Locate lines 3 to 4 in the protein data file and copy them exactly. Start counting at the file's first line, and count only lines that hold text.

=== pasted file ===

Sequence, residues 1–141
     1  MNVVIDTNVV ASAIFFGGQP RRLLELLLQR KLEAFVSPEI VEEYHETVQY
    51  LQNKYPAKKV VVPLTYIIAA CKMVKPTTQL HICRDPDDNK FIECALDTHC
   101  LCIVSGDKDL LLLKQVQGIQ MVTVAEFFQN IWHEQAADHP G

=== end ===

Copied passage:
    51  LQNKYPAKKV VVPLTYIIAA CKMVKPTTQL HICRDPDDNK FIECALDTHC
   101  LCIVSGDKDL LLLKQVQGIQ MVTVAEFFQN IWHEQAADHP G